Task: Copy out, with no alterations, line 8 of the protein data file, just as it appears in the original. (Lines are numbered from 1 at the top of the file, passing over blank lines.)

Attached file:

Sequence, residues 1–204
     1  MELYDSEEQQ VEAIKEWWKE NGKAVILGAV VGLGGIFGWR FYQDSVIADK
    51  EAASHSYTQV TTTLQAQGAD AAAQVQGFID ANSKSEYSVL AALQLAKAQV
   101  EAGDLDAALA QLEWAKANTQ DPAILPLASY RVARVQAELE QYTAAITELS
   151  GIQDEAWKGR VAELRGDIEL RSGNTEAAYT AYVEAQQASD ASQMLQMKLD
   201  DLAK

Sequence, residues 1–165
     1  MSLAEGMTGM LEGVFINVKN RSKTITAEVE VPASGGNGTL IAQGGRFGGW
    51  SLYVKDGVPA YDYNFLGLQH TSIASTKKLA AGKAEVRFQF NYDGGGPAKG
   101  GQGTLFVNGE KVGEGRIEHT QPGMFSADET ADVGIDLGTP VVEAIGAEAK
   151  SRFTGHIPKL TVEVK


     1  MSLAEGMTGM LEGVFINVKN RSKTITAEVE VPASGGNGTL IAQGGRFGGW